🔬 Research summary by Angshuman Kaushik, Researcher in AI Policy, Governance and Ethics.
[Original paper by Charlotte Stix]
Overview: To implement governance efforts for artificial intelligence (AI), new institutions require to be established, both at a national and an international level. This paper outlines a scheme of such institutions and conducts an in-depth investigation of three key components of any future AI governance institution, exploring benefits and associated drawbacks. Thereafter, the paper highlights significant aspects of various institutional roles specifically around questions of institutional purpose, and frames what these could look like in practice, by placing these debates in a European context and proposing different iterations of a European AI Agency. Finally, conclusions and future research directions are proposed.
The paper begins by drawing the attention of the readers to the fact that the governments around the world have begun to approach the governance of AI through multiple controls. One example being the European Union’s recent Proposal for a Regulation of the European Parliament and of the Council Laying Down Harmonized Rules on Artificial Intelligence and Amending Certain Union Legislative Acts (“Artificial Intelligence Act”) which puts forward a regulatory framework for high-risk AI systems and the other being the Trade and Technology Council co-established by the US and the EU with the mandate to cooperate on the development of suitable standards for AI. Further, as the field of AI governance is relatively new, as such, there exist only a few specialist governmental institutions exclusively dedicated in the area. According to the author, to properly develop, support and implement new AI governance efforts, it is likely that a number of new institutions will need to be established in the future. There are broadly two types of institutions that one could investigate: those that exist and may be adapted and those that do not exist yet but will eventually come into existence to fill the void created by new governance initiatives. This paper puts emphasis on the latter type of institutions, with particular focus on institutions set up by governments. In order to proceed with its objective, the paper builds on recent academic calls for an international governance coordinating committee for AI, for an international regulatory agency for AI etc., and draws on existing scholarship in the area, and addresses itself to those individuals who will be involved in setting up new institutions and those who are interested in conducting further research on pragmatic institution building for AI governance.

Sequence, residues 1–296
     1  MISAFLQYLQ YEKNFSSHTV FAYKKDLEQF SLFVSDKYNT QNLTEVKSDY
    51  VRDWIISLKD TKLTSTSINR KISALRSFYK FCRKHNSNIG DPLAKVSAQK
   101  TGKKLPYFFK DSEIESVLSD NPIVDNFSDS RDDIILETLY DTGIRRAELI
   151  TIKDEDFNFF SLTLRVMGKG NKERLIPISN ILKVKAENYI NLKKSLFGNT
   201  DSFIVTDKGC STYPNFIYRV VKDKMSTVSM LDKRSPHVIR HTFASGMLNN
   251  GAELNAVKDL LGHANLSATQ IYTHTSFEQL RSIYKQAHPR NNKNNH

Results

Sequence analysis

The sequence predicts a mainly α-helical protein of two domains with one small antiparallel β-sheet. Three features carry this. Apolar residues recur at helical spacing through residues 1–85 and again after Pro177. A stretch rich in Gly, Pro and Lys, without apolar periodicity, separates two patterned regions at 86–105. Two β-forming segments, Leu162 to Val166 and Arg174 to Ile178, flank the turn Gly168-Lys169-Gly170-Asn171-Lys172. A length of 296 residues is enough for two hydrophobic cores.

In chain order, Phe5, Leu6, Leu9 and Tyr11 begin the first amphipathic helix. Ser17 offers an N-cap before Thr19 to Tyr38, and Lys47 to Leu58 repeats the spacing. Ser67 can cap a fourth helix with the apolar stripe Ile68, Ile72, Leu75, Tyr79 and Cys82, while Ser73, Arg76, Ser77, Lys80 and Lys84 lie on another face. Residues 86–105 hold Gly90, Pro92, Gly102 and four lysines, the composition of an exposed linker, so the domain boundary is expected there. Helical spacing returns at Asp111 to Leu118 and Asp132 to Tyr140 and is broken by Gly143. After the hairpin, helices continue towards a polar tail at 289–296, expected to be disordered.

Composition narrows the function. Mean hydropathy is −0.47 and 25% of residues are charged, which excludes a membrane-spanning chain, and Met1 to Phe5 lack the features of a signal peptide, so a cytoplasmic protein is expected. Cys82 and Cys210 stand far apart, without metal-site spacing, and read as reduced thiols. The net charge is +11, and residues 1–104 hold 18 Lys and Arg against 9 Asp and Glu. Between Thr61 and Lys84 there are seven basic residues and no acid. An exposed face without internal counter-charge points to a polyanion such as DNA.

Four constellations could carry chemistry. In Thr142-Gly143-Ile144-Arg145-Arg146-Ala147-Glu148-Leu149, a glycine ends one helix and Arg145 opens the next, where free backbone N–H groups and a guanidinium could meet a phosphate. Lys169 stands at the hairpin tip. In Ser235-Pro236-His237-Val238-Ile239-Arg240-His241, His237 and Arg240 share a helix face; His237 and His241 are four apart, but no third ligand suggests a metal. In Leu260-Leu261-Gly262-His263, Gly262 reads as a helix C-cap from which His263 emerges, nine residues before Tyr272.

Building new AI governance institutions
The paper states that AI-specific governance institutions working on soft governance mechanisms with non-binding rules have already come into existence. A few examples are OECD, G7, and the Global Partnership on AI etc. However, there has been mounting pressure to develop and implement stronger and more binding AI governance mechanisms than those covered by ethical principles. As countries move towards harder governance efforts, they are likely to require increasingly specialized institutions to oversee their implementation. Moreover, as AI governance efforts soar and more coordination, action and policy proposals become necessary within a nation as well as at an international level, it is likely that there will be a need for more specialized governmental agencies to handle an increasingly diverse set of tasks on top of the existing work. It might be overall quicker, cheaper and more effective to build a new institution from scratch that is ‘fit for purpose’ rather than exert time, effort and political goodwill to change the structure of an existing institution. The author then, puts forward a selection of axes that need to be considered in building new AI governance institutions, namely, purpose, geography and capacity, with particular emphasis on purpose.
The first question that needs to be answered is the purposes of the new institution i.e., what is it meant to do? Under the broad heading of purpose, the paper introduces the outline of four different roles an institution for AI governance could take. The roles are namely, coordinator, analyzer, developer and investigator.
The coordinator institution